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Religion in Antiquity

Mother of the Gods
Eastern divinities

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Silver relief head of Herakles adorning the handle of a silver alabastron from the Tomb of Philip at Vergina, third quarter of 4th century BC, Thessaloniki, Archaeological Museum.

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Vergina, third quarter
of 4th century BC

Herakles son of Zeus was worshipped in Macedonia as a god rather than a simple hero. First the royal house of the Temenidai and later that of the Antigonids invoked him as Patroos (forefather), that is as mythical progenitor of their dynasty whose origins derived from the Heraklidai of Argos.

Herakles, the god of prowess, was the natural protector of youths when they came of age, but also of manumitted slaves. He was also invoked as Kallinikos or Epinikos, the giver of military might and physical vigour.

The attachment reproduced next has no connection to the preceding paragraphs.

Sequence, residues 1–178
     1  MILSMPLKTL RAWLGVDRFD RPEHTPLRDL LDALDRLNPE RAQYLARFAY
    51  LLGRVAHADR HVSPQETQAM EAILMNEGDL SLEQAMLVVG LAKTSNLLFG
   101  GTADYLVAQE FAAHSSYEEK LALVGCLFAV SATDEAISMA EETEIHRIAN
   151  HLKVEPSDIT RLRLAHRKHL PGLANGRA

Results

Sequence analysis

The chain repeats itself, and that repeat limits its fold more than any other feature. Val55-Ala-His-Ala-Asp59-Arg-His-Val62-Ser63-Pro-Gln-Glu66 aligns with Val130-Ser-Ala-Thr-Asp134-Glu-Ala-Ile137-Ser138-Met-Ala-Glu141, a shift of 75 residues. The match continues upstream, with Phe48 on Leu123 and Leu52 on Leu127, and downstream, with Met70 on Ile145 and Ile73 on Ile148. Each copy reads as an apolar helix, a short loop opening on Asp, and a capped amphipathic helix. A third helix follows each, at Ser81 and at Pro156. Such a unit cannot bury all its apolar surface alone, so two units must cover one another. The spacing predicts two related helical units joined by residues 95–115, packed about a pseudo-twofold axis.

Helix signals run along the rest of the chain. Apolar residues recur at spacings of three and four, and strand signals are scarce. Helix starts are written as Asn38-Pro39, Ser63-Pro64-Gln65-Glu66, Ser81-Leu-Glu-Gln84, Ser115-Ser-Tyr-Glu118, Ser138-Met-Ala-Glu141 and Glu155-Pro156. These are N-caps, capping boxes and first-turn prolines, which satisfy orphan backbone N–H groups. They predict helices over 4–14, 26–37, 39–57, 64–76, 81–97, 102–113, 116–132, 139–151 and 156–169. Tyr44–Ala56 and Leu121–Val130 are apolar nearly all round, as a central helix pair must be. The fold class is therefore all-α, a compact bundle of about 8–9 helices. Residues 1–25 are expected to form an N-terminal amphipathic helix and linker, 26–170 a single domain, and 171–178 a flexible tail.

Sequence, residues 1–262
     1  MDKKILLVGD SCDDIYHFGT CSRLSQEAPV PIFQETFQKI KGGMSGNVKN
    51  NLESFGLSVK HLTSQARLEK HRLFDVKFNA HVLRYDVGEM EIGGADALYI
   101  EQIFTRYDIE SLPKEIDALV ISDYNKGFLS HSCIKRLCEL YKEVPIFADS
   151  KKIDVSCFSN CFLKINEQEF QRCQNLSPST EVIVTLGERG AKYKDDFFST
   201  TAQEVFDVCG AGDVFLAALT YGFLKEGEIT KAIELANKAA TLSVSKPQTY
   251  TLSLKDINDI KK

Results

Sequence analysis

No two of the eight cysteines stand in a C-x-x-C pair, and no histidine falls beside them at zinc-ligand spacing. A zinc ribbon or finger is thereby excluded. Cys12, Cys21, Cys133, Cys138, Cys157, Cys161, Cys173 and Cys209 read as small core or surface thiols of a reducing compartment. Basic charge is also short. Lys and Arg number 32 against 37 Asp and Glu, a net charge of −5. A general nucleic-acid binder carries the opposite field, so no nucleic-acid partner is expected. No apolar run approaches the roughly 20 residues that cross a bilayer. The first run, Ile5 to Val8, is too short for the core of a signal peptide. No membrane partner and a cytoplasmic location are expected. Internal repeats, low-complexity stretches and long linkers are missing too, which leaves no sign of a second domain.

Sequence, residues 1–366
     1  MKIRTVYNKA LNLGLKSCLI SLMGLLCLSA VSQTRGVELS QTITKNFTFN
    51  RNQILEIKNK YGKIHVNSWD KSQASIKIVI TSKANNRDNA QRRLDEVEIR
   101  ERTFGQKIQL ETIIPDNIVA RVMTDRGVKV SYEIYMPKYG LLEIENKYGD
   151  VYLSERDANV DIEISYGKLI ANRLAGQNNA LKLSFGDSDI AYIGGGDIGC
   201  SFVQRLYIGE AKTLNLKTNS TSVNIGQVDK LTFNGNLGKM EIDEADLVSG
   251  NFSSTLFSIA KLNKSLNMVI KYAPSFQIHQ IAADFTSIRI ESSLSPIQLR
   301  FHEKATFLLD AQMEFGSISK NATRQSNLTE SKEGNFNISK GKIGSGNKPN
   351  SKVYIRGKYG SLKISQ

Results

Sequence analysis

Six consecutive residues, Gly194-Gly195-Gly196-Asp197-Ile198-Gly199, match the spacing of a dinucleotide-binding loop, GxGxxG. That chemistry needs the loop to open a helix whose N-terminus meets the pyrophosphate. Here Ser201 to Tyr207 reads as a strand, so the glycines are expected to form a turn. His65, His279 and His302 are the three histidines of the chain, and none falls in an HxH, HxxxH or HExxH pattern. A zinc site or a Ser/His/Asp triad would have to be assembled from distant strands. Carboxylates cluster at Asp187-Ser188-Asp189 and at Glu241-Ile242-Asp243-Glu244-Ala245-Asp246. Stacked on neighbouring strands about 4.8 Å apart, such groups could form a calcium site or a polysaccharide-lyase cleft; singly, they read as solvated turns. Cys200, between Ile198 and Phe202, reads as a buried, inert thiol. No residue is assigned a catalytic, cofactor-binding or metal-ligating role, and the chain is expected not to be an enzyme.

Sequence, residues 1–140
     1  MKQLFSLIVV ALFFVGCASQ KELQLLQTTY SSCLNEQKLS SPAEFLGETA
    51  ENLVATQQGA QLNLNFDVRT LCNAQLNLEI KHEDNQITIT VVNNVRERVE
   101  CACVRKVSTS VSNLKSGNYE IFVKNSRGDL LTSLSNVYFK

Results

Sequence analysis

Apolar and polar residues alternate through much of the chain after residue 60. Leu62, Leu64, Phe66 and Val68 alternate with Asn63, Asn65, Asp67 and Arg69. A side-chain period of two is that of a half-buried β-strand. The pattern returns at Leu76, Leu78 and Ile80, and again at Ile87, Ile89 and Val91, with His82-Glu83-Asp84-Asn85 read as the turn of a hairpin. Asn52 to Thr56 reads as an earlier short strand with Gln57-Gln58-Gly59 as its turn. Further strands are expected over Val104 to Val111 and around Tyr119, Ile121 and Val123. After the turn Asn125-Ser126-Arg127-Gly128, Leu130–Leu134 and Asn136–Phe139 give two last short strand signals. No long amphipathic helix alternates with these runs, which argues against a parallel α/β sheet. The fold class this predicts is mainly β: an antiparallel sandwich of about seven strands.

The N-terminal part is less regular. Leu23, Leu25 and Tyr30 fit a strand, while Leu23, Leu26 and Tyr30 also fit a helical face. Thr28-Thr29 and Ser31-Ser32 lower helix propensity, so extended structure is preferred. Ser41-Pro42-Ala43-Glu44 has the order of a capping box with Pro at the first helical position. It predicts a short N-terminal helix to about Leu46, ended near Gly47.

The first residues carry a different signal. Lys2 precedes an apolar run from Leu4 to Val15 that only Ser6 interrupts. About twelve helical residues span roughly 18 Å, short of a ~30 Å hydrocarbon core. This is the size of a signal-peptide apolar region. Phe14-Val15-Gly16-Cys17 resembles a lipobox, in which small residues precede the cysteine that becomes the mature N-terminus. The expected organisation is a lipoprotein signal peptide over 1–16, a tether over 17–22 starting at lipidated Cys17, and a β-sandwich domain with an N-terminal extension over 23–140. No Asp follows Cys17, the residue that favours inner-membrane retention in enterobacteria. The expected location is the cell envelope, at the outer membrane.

Above all, however, in Macedonia Herakles was invoked as Kynagidas, protector of hunters in general and of the 'kynegoi' (hunters) in particular, a special corps of youths at the royal court. His most famed sanctuary was at Beroia near the ancient Macedonian capital of Aigai. His symbols, the lion-skin and the club, were both national and royal emblems and adorned the coins and seals of the Macedonians.

See Also
Travelling - Aigai (Vergina)
Ancient Pella

Macedonian Heritage
Content courtesy Ekdotike Athenon S.A.